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Neutrons for Science and Industry

ICE-MAN, the Integrated Computational Environment-Modeling & Analysis for Neutrons at ORNL

by Dr Anibal Ramirez-Cuesta (Neutron Science Directorate, Oak Ridge National Laboratory)

PH HS 3 (Physics Department)


Physics Department

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ICE-MAN is a modeling and analysis workbench for multi-modal studies, designed with neutron science in mind. The integrated and extensible environment provides scientists with a common interface to a suite of tools, and developers with a common API to seamlessly add new functionality. This project aims to reduce the barrier to analyze and interpret neutron scattering experiments in combination with other multi-technique research studies. It streamlines the workflow between different experimental techniques, computer modeling, and databases and reduces the time and learning curve needed to access them thus making a holistic approach to data interpretation more amenable and efficient.

1) ICE-MAN overcomes the limitation of an individual’s expertise to utilize different atomistic modeling techniques and to quickly compare simulated and experimental data.
2) At ORNL, ICE-MAN provides tools that can be used in 10 instruments.
3) ICEMAN can be used as: a) virtual machine in VirtualBox, b) Docker containers and c) as a web application in CADES [1]; in this form it is available to any user with an ORNL account.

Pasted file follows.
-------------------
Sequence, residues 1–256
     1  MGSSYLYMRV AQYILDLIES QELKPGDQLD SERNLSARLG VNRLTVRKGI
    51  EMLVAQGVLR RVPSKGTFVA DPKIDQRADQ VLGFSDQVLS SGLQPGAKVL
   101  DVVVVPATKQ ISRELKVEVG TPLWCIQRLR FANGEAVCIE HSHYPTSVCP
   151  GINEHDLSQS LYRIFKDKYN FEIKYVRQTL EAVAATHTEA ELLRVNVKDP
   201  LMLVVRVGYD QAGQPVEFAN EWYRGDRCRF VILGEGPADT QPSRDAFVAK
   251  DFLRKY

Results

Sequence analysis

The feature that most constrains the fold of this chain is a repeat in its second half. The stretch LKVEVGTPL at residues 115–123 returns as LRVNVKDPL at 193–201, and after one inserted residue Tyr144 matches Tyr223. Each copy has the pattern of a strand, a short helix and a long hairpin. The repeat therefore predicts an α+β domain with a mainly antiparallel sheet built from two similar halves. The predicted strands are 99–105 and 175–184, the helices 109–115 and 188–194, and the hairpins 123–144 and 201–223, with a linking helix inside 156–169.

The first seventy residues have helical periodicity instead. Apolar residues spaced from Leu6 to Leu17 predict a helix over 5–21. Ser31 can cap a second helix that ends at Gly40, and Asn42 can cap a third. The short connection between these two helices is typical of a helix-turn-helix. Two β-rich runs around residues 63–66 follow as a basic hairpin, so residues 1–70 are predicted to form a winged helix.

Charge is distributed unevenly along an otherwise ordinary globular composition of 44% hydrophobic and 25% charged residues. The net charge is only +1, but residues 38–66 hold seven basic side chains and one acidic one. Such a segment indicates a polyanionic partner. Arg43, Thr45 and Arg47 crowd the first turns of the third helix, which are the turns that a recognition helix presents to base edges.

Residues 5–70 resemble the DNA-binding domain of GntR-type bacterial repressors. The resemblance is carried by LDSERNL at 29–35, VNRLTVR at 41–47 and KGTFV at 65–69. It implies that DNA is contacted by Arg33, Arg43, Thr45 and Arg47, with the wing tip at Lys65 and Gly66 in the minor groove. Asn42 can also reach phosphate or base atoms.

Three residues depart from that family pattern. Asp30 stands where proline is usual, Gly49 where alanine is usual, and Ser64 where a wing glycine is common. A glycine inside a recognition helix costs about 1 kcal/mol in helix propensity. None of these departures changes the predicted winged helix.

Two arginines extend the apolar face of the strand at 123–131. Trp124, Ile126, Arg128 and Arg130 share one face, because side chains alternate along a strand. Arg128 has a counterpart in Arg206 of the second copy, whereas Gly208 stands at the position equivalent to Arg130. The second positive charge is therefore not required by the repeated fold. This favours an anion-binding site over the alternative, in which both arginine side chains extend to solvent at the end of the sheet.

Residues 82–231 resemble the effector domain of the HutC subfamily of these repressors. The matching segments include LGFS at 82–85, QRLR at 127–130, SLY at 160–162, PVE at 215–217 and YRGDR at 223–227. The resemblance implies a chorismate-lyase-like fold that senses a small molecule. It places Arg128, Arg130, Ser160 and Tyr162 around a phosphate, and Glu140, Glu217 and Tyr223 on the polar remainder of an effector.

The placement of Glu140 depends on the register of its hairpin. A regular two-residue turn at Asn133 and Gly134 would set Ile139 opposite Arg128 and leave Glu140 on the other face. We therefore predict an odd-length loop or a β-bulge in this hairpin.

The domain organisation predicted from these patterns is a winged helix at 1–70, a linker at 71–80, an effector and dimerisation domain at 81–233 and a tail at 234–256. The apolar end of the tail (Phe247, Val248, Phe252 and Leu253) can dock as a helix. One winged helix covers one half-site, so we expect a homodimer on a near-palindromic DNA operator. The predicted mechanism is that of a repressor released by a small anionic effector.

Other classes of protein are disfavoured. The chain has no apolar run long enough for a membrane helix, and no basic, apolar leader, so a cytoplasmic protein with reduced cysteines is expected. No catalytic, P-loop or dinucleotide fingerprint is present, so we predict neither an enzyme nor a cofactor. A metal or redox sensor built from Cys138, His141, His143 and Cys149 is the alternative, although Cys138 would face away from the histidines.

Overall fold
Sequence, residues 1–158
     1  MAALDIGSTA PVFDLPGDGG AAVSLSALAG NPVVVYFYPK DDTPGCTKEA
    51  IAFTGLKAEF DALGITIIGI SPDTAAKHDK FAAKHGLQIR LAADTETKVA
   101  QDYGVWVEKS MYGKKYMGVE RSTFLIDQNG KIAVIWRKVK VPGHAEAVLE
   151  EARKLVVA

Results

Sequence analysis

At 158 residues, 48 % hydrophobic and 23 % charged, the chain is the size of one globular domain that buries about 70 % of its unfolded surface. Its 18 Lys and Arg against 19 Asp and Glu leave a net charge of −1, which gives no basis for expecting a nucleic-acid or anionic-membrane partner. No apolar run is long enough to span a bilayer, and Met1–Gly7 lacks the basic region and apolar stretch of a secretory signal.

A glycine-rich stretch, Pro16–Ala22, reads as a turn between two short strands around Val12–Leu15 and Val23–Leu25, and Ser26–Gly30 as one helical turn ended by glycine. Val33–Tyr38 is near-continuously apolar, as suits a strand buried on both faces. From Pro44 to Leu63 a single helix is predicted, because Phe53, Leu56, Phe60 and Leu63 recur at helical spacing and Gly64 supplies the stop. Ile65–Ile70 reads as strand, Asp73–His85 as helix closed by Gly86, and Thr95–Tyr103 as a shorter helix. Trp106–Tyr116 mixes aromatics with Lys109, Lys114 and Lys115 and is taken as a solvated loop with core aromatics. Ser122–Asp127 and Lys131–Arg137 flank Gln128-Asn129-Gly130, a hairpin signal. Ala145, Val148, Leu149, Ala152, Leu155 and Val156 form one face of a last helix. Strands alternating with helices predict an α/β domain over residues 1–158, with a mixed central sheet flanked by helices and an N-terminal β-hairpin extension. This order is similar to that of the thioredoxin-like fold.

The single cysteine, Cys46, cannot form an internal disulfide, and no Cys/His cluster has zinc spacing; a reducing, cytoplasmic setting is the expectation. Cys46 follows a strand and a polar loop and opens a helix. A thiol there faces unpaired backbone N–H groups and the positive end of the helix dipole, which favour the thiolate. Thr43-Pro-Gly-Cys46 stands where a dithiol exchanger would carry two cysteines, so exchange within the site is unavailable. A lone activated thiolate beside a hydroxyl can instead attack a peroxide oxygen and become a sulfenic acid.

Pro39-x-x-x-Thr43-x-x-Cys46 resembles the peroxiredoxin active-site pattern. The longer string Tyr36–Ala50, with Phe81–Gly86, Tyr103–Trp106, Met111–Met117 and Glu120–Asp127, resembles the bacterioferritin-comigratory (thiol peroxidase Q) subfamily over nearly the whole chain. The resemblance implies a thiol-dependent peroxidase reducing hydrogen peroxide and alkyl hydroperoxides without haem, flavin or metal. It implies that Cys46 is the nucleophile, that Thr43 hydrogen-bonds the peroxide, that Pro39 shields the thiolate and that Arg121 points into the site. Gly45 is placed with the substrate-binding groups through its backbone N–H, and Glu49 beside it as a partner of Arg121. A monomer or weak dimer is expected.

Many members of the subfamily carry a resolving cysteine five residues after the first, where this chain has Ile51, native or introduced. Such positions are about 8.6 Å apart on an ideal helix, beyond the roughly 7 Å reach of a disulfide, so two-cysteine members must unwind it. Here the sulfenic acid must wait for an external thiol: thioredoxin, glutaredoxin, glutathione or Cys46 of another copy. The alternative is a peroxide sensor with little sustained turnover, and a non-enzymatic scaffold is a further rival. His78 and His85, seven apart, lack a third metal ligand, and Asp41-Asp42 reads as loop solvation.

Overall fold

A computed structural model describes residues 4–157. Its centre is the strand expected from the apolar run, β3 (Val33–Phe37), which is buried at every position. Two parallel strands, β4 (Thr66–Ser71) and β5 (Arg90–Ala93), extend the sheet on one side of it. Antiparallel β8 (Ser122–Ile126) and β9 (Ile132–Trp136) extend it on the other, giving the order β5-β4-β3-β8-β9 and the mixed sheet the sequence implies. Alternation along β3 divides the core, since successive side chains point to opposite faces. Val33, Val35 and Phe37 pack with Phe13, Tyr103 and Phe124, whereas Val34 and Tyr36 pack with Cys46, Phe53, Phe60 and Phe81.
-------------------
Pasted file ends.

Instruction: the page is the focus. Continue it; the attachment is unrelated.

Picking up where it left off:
At present, it has two main modules, OClimax [2] and QClimax [3]. Also there are several small modules to generate input files, read output files and convert formats. OClimax can model phonon and vibrational spectra for comparison with inelastic neutron scattering instruments and can be used to rigorously model both polycrystalline and single crystal spectra, including resolution considerations. Currently, OClimax is principally used on VISION (BL-16B) but can also be used to analyze phonon data from ARCS, CNCS, HySPEC, SEQUOIA, triple axes spectrometers (ORNL), LET, MAPS, MERLIN, TOSCA, (ISIS), DCS (NIST), etc. A necessary step in analyzing data with OClimax is performing DFT calculations. The ICEMAN project also aims to simplify this step in the analysis procedure, allowing for fast setup of initial files and running scripts for different DFT packages. The focused resources applied to data analysis on VISION (BL-16B) have contributed to it being the world leader in neutron vibrational spectroscopy measurements. The scientific output of the spectrometer is roughly 80% dependent on these analysis capabilities and has significantly improved the scientific impact of the instrument. QClimax, on the other hand, provides users with a flexible, straightforward environment to enable fitting to complex user-defined functions. It allows fits to be performed to data from multiple Q values simultaneously and provides global fitting parameters. QClimax can be used to analyze QENS data from any quasielastic spectrometer, including BASIS, CNCS (ORNL), DCS, HFBS (NIST), IRIS, OSIRIS (ISIS), TOFTOF (FRM II), etc. The ICEMAN project is still under active development, and the QENS analysis capabilities of QClimax are being refined with feedback from instrument staff and users.

[1] https://iceman.ornl.gov/ui/ICEMAN
[2] Y.Q. Cheng, L.L. Daemen, A.I. Kolesnikov, A.J. Ramirez-Cuesta A.J., Journal of Chemical Theory and Computation, 15, 1974-1982 (2019)
[3] E. Mamontov, R.W. Smith, J.J. Billings, A.J. Ramirez-Cuesta, Physica B: Condensed Matter, 566, 50-54 (2019).

Organized by

Dr. Jia-Jhen Kang
Dr. Theresia Heiden-Hecht
Dr. Jitae Park

Hybrid Zoom link
VC Room link
password: 853708